Research shows that eating the right foods can increase life expectancy. That is why it is important to eat a well-balanced and nutrient-rich diet. The CDC suggests that you add healthy fats to your diet as they are important for your brain and heart, and cut out trans fats found in processed foods. Some examples of healthy fats are olive oil, nuts, seeds, certain types of fish, and avocados. You should cut out sodium as it can increase blood pressure, which raises the risk for heart disease and stroke. Add fiber to your diet, such as whole grains and legumes, as it helps you stay fuller for longer. 

Research also shows that eating more plant-based proteins can boost longevity. Try adding a variety of color to your plates, specifically foods like dark, leafy greens, fresh herbs, oranges and tomatoes which are loaded with vitamins, fiber, and minerals. If you have any questions in regards to which meal plan works best for you, reach out to your primary care provider or Iora Health Coach.

 3. Adopt a pet

A Black senior couple smile while petting their dog

Would you believe that owning a pet may help you live longer? In fact, studies from the American Heart Association suggest that pet owners, specifically dog owners, tend to live longer than non-owners. The study suggests that individuals (especially those who live alone) often recover better from major health events such as a heart attack or stroke.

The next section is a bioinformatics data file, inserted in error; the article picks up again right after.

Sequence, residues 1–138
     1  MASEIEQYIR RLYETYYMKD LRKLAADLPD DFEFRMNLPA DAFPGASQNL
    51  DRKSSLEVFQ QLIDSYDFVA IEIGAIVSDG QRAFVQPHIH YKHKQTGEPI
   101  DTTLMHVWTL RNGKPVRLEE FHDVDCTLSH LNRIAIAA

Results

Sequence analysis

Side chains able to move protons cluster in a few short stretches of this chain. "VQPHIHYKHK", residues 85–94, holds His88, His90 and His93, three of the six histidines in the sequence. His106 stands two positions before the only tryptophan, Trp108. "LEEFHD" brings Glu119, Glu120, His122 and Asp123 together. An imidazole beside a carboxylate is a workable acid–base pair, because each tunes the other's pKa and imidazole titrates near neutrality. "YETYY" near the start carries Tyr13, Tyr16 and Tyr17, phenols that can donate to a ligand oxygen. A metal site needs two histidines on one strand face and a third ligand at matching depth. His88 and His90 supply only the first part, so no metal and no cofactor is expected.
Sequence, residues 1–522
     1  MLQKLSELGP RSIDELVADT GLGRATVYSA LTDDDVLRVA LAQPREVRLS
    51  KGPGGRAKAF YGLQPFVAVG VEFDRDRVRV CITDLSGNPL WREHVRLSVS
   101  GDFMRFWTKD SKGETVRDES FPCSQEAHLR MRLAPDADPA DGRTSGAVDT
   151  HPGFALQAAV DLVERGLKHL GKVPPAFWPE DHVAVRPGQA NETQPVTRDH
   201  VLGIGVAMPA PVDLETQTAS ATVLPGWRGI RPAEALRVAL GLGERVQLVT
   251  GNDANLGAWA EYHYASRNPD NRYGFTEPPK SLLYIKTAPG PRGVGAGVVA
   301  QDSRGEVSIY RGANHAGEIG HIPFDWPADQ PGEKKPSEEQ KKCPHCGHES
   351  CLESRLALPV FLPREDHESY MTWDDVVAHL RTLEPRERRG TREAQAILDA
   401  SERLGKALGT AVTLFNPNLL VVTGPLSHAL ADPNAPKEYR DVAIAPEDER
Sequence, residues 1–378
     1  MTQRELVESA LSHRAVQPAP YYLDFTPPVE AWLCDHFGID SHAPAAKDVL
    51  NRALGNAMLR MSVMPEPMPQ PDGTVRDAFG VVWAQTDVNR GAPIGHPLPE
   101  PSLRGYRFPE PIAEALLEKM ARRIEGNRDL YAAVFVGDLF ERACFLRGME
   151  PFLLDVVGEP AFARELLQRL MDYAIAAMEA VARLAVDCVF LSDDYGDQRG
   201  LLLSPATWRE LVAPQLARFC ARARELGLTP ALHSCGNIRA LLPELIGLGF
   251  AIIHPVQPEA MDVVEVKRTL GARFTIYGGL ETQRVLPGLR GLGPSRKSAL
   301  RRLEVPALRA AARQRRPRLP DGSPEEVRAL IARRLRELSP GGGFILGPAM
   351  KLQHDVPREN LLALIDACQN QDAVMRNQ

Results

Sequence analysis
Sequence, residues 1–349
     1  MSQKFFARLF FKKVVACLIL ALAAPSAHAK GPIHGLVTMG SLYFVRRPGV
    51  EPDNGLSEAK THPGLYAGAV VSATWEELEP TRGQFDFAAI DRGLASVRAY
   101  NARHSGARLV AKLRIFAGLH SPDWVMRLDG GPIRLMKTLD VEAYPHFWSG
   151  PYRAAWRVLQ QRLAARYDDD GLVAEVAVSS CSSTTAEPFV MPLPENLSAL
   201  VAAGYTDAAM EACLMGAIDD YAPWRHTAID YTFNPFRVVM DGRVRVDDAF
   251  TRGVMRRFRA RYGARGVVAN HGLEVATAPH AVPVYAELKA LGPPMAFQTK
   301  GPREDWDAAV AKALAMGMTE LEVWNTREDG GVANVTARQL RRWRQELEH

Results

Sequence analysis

For seniors, it’s easy to have feelings of loneliness. However, interacting with pets can boost your production of “happy hormones,” reduce anxiety and can lead to a greater sense of well-being. And a bonus: Studies show that people who walk their dogs get in more exercise than those who don’t. So, if your living situation, budget and lifestyle support your decision to adopt a pet, maybe you should do so. 

4. Keep in contact with those you love

A young boy is seen FaceTiming with grandparents and other family

As we age, research suggests our close relationships have a bigger impact on our health and well-being. Not only does research show that the presence of friends and family prolongs one’s life, but it also improves the quality of life. Interacting with friends and family can reduce stress, feelings of depression and support brain health. Although it may be difficult to interact with loved ones sometimes, there is plenty you can do to stay connected. Chat over the phone, interact on social media, act as a pen pal, or plan a time to engage in an activity over video call. Make the effort to reach out and tell the people closest to you that you care about them. In the end, your health may depend on it!

5. Cut down on alcohol